Vizio’s VO42E is one of the least expensive 42-inch LCD HDTV sets that Vizio offers. It’s also one of the lowest priced on the market, which might explain why it performed below average in our juried image quality tests. While delivering many impressive user customization options, this HDTV clearly targets users on a tight budget who aren’t too fussy about image and audio quality.
Judges in our lab’s juried tests gave the VO42E poor marks for everything from brightness and contrast (“detail loss in shadows”) and color (described by many as oversaturated) to sharpness (“details smudged”) and artifacts. These results probably reflect, at least in part, the absence of advanced technologies, starting with the VO42E’s low 60Hz refresh rate ). Also missing are the smooth motion and the 3D comb filter (a technology that reduces artifacts in TV images) found in the other HDTVs.
I wasn’t particularly impressed by the VO42E’s simulated surround sound. Even turned up all the way, it’s not very loud, and it doesn’t really succeed in creating a sense of space through audio cues.
Other significant missing features include the lack of picture-in-picture support, no network support (and hence no Internet features) and no support for a USB drive or other media for viewing stills, or playing music or video.
The VO42E’s main menu options include lots of presets (Standard, Movie, Game, Vivid, Football, Golf, Basketball, Baseball, and a user-defined Custom button); an Advanced Adaptive Luma control for adjusting brightness in dark areas; and an option for dictating whether brightness should be adjusted to save energy consumption. Audio presets are listed as Flat, Rock, Pop, Classical, and Jazz, and there’s also Lip Sync control for synchronizing the audio with the video image.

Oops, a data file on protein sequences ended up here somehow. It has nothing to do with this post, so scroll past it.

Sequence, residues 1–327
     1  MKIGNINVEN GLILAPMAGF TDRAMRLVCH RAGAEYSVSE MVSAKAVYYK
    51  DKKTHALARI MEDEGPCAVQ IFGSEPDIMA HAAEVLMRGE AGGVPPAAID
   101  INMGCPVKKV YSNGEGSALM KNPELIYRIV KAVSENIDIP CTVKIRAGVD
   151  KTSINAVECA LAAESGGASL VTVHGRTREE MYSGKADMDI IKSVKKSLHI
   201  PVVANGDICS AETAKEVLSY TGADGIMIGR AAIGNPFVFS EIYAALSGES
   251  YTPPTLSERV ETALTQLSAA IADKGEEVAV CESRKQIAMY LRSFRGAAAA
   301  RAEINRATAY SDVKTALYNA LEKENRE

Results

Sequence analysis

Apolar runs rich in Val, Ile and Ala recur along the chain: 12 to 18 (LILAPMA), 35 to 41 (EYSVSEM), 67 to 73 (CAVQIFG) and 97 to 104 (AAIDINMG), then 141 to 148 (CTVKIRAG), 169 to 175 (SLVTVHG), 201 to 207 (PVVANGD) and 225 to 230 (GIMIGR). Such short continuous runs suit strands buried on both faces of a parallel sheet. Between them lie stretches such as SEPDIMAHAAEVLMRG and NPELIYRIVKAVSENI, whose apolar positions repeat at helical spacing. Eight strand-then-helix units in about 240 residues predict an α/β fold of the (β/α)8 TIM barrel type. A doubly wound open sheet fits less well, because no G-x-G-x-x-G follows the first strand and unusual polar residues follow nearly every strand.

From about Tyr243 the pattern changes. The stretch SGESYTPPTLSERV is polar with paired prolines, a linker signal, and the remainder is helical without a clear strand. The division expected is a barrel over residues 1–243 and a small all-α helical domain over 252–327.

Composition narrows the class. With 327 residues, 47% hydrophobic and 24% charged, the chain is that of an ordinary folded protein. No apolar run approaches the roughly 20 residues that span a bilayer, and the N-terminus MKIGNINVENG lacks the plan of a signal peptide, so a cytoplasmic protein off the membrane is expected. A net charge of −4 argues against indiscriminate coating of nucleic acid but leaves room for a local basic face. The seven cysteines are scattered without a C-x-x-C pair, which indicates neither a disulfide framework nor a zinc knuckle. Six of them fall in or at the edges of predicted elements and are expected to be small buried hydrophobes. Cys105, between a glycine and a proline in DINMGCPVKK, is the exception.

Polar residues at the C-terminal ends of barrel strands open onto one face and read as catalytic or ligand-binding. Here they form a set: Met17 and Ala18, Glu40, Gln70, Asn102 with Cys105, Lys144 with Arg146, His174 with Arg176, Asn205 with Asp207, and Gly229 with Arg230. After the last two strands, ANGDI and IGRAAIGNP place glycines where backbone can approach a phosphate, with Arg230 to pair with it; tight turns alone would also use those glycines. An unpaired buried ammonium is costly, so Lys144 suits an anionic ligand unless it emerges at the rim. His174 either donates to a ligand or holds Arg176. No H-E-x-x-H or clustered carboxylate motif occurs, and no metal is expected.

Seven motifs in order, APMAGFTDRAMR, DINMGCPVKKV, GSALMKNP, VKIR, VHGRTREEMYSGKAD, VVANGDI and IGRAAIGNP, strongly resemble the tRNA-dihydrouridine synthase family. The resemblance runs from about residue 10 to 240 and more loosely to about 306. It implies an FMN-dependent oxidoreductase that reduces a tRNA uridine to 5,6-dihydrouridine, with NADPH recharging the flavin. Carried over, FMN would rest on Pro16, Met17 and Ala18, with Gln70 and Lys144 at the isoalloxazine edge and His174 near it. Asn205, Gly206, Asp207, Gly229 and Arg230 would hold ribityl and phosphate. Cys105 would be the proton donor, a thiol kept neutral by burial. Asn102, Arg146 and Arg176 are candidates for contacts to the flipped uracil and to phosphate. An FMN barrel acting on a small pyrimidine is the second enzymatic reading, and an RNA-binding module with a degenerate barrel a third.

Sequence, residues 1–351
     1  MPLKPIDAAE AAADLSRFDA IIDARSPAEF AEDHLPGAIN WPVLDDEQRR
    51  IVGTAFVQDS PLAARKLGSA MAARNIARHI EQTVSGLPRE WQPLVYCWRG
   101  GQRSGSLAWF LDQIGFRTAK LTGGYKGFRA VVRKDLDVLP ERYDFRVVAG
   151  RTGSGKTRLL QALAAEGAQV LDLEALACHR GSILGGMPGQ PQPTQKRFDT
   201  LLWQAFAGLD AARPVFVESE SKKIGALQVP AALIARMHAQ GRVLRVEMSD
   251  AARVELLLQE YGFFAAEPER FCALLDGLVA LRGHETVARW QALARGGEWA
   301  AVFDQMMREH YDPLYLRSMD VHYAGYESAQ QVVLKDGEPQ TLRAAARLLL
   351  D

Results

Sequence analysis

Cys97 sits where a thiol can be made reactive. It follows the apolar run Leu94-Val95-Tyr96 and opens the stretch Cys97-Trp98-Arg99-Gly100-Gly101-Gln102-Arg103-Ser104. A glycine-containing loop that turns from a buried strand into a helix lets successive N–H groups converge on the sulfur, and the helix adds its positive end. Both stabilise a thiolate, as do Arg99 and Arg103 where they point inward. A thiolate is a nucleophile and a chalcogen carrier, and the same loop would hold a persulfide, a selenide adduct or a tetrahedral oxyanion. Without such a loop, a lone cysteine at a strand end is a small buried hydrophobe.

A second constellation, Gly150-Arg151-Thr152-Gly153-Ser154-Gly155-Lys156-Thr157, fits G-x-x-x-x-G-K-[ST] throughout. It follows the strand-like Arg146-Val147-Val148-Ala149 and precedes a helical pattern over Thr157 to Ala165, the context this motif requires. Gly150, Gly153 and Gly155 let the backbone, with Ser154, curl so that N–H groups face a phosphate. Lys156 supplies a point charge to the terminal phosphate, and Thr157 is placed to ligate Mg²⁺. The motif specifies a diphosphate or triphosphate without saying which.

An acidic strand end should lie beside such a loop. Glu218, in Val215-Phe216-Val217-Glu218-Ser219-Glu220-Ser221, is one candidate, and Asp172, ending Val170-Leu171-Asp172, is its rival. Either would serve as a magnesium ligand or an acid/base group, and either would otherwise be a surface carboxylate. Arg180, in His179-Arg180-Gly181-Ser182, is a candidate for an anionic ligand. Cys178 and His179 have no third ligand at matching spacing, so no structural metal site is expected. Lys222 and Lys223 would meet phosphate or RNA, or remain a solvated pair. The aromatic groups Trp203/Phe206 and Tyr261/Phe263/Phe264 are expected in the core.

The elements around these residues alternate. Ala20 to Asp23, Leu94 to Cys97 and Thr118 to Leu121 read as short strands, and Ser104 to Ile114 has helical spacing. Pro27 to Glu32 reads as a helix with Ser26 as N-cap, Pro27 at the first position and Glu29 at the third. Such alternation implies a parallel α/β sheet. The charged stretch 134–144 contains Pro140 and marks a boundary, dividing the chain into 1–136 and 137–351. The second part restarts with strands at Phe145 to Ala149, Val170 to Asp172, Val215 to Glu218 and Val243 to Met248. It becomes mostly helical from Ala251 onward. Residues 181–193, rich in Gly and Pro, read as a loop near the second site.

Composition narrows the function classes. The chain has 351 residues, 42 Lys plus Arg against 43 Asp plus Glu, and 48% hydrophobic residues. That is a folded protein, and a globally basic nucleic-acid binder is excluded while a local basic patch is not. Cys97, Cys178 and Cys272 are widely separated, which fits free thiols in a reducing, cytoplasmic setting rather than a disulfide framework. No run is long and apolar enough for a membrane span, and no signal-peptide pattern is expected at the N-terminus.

One notable feature for a set at this price is the ability to adjust audio and picture settings for each input type. You get the option of creating your own input labels of up to 8 characters. You also get the usual controls for excluding channels when you surf and for blocking content based on ratings. The menu also includes aspect-ratio settings (Normal [4:3], Full, two Zoom modes, Stretch, and Panorama), which you’ll typically access through the remote.
The VO42E’s compact, minimalist remote has no support for other home theater components. However, everything is clearly labeled and easy to access, with convenient, oversize channel and volume control rockers.
Scale = Superior, Very Good, Good, Fair, Poor
How we tested. We evaluate HDTVs based on the way a typical person would, day in and day out. The HDTVs are calibrated using only controls available to consumers, and we also use a Sencore OTC1000-CM (Optical Tristimulus) Colorimeter and Sencore MP500 MediaPro Digital Audio/Video Generator and HDMI Analyzer (both connected to an HP notebook), Sencore ColorPro by CalMAN software, and transparent color films from the HD Digital Video Essentials consumer calibration kit. We evaluate HDTV image quality using juries of editors, writers, and labs analysts, using a test script developed by the lab. All content is distributed to the HDTVs using a Radiient HDMI 2:6 HDTV Distribution Amplifier. Results of the subjective tests are averaged to produce final rankings. More details on our testing methodology are available for your perusal.
The VO420E has a handsome color quick-setup guide and a good printed manual, both also available in PDF format online.
Macworld’s buying advice
Vizio’s no-frills approach isn’t the problem with this entry-level set: For its low-end price, you don’t expect many extras. But in shopping for an HDTV that you’d expect to keep for several years, you might want to search for better image and sound quality.
[Yardena Arar is a contributing editor for PC World.]
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